Lamott complains about her students—her favorite adjective for them is “mewling.” She notes a group which attended her course still meet weekly to discuss their writing: “All four of them are excellent writers, but only one of them has been published at all, and that was just one article. But you know what? They love each other.” Lamott notes: “Publication is not going to change your life or solve your problems. Publication will not make you more confident or more beautiful, and it will probably not make you any richer.” Then she talks about herself, her worries, her “problems,” which, Dear Budding Writer, are just like yours…

Six or seven years ago I was asked to write an article on the Special Olympics.

I had a brainstorm: I would mail the third section off, borrow the money to fly to New York, and spend a week there, doing the line editing of the book with my editor and, at the same time, getting away from this man I was breaking up with. Also, I could collect the last third of the advance that Viking owed me and do a little retail therapy in New York City.

Last summer I got a call from a producer in New York who wanted me to fly east two days later, stay in town overnight, do her TV talk show, and fly home.

Whenever I’m giving a lecture at a writing conference and happen to mention the benefits of finding someone to read your drafts, at least one older established writer comes up to me and says that he or she would never in a million years show his or her work to another person before it was done.

One of the best writers I know has a wife…

Two other writers I know use each other.

A magazine editor recently asked me to write an essay about being a lifelong Giants fan, which I have been, but the anxiety about publication made my mind go suddenly blank.

Of course, not everyone loved my book. There were some terrible reviews…”Here’s your review from Santa Barbara,” my editor wrote on a note enclosed with it, “where people never die.”

So I started typing up the journal entries and sending them off to my agent.

Brice died that May. A month or so later I had the opportunity to write a three-minute essay for a radio show on anything I wanted, and I asked Brice’s parents if it would feel like an invasion of privacy if I wrote about their son.

And get this: Lamott gives the text of her radio essay and it’s about bringing her baby to see the body of dead baby Brice and recording his profound reaction: “He’s a good baby.” Afterwards, they go bowling. I shit you not.

So why so many five stars for this trash? I don’t know. She told us at the very beginning students wouldn’t get a refund and some felt like hanging themselves—but she’s doesn’t understand why the shiny examples drawn from her writer’s life coupled with her zany, quirky humor doesn’t dazzle and enlighten. She’s not teaching anything—she’s using the instruction process as a means to regale a captive audience about herself with a few sprinklings of clichés and pithy slogans. She denigrates her friends, the special ed population, the French, people from the south, the Dallas-Fort Worth airport, her students. Notice all her great, useful quotes start with “a friend told me” or “a black lady told me” or “my fat gay priest friend told me” or “a really great writer told me.” Sometimes she names her friends and priests, sometimes she doesn’t. The upshot is she’s pilfering great quotes or images, often without giving the authors credit. Towards the middle of her “lesson,” you begin to wonder why you can’t name a single novel she has written, can’t recall a single book she’s noted for other than Bird by Bird. She’s a hack, that’s why. She needs the money; more importantly, she needs the audience.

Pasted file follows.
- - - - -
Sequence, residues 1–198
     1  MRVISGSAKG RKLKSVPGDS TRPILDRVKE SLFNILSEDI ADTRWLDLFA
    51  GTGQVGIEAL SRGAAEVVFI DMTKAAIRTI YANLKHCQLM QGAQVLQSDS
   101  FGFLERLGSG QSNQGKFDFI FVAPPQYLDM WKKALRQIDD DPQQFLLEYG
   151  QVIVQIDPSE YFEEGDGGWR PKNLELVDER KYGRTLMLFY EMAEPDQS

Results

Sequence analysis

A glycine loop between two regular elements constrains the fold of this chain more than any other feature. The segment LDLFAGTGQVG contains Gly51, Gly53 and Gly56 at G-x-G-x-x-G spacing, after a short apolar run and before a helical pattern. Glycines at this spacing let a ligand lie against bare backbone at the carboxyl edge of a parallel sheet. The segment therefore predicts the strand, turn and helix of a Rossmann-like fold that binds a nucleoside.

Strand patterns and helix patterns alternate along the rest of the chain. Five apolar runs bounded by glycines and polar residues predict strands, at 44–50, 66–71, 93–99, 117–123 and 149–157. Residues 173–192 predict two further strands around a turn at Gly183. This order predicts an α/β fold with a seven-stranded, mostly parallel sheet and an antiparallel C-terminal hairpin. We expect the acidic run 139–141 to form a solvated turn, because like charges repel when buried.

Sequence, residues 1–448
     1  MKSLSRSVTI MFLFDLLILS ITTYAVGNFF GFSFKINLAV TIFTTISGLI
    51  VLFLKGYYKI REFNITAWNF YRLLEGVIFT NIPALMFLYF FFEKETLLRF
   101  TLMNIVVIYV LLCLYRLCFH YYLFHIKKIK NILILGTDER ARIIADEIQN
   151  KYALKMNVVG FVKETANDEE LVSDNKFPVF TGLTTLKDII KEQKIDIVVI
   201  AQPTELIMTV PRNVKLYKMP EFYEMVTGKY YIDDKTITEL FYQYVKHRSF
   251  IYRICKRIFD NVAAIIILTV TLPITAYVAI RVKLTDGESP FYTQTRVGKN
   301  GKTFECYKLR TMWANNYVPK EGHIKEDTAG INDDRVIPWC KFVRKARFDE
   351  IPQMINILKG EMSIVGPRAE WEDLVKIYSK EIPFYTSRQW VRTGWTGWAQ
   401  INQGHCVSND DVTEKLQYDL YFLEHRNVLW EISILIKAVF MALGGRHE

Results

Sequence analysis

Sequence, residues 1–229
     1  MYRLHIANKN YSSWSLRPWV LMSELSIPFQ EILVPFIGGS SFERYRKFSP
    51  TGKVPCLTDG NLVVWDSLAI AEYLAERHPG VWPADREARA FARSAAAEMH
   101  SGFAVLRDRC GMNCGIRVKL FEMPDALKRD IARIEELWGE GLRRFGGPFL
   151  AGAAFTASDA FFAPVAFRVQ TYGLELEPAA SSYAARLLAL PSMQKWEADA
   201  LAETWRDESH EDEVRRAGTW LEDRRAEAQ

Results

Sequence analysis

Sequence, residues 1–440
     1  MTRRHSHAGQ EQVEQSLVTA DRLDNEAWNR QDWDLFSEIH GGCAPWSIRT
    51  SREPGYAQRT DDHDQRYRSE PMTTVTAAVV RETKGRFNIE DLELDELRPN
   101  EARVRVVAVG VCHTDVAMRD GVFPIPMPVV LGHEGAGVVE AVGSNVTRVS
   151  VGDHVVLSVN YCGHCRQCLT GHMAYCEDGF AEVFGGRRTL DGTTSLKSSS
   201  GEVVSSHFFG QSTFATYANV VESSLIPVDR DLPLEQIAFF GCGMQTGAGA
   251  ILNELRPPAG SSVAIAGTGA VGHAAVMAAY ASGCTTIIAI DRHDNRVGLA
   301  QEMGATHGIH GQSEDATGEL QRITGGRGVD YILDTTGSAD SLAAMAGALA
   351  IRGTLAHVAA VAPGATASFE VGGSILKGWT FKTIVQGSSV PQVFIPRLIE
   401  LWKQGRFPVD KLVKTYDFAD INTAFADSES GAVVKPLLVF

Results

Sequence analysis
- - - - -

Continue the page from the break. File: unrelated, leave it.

Now, before I sign off, I’ll save you the cost of this book by revealing Lamott’s recipe for literary success:

(1) Have a father who is a published writer.

(2) Have father die of cancer. Write about father dying of cancer and send it to father’s literary agent.

(3) Have a friend die of cancer. Write about friend dying of cancer and fill the niche of “funny books about cancer.”

(4) Don’t expect to be published and don’t entreat Lamott to read your shitty stories. Find someone else and accept the fact you will likely wallow in mediocrity but at least you’ll avoid all the stress of being a published writer like Lamott.

That’s it. There’s no “how to.” Each chapter starts with a problem a burgeoning writing likely faces, but each chapter ends with a long anecdote about what a wonderful, zany life Lamott has as a writer. She’s a waste of time.

vivianportom's review

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5.0